Meghan Markle ‘didn’t understand she would have to work hard’ and ‘believed she could drive around in a golden coach’ when she joined royal family, claims Princess Margaret’s confidante Lady Glenconner
- Lady Glenconner, 87, was lady-in-waiting and close friend of Princess Margaret
- Believes Meghan Markle, 38, ‘thought she could drive around in a golden coach’
- Said the Duchess of Sussex didn’t understand she would have to work hard
- Prince Harry, 35, and Meghan are currently isolating in their Vancouver mansion
The Duchess of Sussex ‘didn’t understand she would have to work hard’ and believed she could ‘drive around in a golden coach’ when she joined the royal family, according to Princess Margaret’s closest confidante Lady Anne Glenconner.
Lady Glenconner, 87, told The Guardian that she believed Meghan Markle, 38, didn’t realise that all members of The Firm had to work hard when she married Prince Harry, 35.
The former lady-in-waiting revealed: ‘I think she thought she could drive around in a golden coach. But it’s actually quite boring.’
Meghan and Prince Harry, 35, are currently self-isolating in Canada following their last official engagements as working members of the royal family earlier this month.
Lady Anne Glenconner said she believes Meghan Markle, 38, thought life in the royal family would be getting ‘driven around in a golden coach’ and hadn’t realised she would have to work hard (pictured, the Duchess of Sussex with Prince Harry, 35,)
Lady Glenconner went on to say that her close friend Princess Margaret ‘did so much charity work’ but often ‘without any photographers’, adding that this was ‘unlike’ Princess Diana.
She also revealed that she believes Prince William, 37, and Prince Harry dwell too much on their mother.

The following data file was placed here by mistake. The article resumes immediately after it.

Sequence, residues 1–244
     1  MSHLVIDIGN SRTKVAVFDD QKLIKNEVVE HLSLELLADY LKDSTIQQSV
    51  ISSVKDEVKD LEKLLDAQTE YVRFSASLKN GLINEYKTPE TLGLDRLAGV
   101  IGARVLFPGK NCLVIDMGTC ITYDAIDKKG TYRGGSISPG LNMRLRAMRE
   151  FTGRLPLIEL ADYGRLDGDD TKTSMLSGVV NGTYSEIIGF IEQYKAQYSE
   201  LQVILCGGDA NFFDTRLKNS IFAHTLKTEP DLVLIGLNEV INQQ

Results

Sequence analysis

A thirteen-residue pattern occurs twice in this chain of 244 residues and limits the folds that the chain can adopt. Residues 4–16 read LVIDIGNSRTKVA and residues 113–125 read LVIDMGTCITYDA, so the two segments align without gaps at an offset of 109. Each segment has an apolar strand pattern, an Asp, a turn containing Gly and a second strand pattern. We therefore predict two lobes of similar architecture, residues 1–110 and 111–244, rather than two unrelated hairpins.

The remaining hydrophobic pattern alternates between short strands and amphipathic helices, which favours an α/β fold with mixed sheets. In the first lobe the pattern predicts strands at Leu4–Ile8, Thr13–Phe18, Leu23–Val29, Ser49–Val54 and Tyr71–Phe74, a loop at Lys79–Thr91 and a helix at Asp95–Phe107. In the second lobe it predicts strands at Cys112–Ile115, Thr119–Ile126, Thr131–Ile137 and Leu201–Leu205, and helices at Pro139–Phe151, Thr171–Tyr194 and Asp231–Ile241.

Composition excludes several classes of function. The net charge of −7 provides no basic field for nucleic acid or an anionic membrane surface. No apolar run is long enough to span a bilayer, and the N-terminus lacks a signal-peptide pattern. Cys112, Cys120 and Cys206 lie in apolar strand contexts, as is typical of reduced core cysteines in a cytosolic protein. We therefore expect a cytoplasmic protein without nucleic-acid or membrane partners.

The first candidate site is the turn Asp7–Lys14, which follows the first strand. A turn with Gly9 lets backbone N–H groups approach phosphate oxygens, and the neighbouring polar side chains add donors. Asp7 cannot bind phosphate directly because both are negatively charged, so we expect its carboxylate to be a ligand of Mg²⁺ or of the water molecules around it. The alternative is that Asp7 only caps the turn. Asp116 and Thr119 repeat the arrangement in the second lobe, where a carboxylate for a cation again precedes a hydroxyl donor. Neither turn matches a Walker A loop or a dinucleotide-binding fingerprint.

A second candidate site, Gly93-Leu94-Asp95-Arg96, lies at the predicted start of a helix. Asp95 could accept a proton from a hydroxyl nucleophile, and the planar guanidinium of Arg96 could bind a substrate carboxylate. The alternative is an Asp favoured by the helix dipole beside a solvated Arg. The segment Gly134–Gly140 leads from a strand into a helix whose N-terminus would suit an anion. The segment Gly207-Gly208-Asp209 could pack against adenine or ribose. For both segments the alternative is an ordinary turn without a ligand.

She said the brothers ‘go on about their mother the whole time. I think it’s a bit much.’
Royal experts have previously said that the Duchess had had ‘unrealistic expectations’ of her role in the royal family and ‘naively thought’ her position came with ‘instant popularity’.
The former lady-in-waiting and close confidante of Princess Margaret said royal life could actually be ‘quite boring’ (pictured in November 2019)
In January, Omid Scobie told listeners of the Heirpod podcast that Meghan joined the royal family believing ‘the role came with an almost instant popularity’ and said she had ‘unrealistic expectations’ of her position.
He revealed: ‘I think one of the biggest mistakes Meghan made, and I’ve heard this from sources close to her, is that she naively went in thinking this role came almost with an instant popularity.’
Prince Harry and Meghan are currently holed up at their Vancouver Island waterfront mansion, and are working with experts on how to best serve the public during this time, believing the pandemic is also a mental health crisis and feel ‘compelled to help’.
Earlier this week, sources told how the couple feel they are now able to ‘create their own life’ and have felt a ‘relief’ since leaving the UK.
Lady Glenconner suggested Meghan believed she would be ‘drive around in a golden coach’ when she joined The Firm (pictured, Prince Harry and Meghan on their wedding day in May 2018)
‘This is what Meghan and Harry have always wanted — to create their own life,’ a source said, speaking to People Magazine. ‘It’s got to feel like an immense relief to get out of the UK and go down their own path.’
When the couple announced they were stepping down from The Firm it was believed they would split their time between the UK and North America.
However, it is now thought the couple will primarily reside on the western side of the Atlantic, having only made fleeting official visits to the United Kingdom to wrap up their final royal duties.
Since relocating to Vancouver Island the couple have the ‘freedom to do whatever they want’ because the locals ‘don’t bother them’, the source added.
The couple are currently isolating in in a waterfront Vancouver Island mansion after stepping back from life as senior members of the royal family earlier this month
Lady Glenconner grew up living next to Queen Elizabeth and her sister Princess Margaret at Holkham Hall, which neighboured Sandringham.
She became great friends with Margaret, and was her lady-in-waiting until the royal’s death in 2002.
She has also known Prince William and Prince Harry since they were children, even bathing the boys together when they were young.
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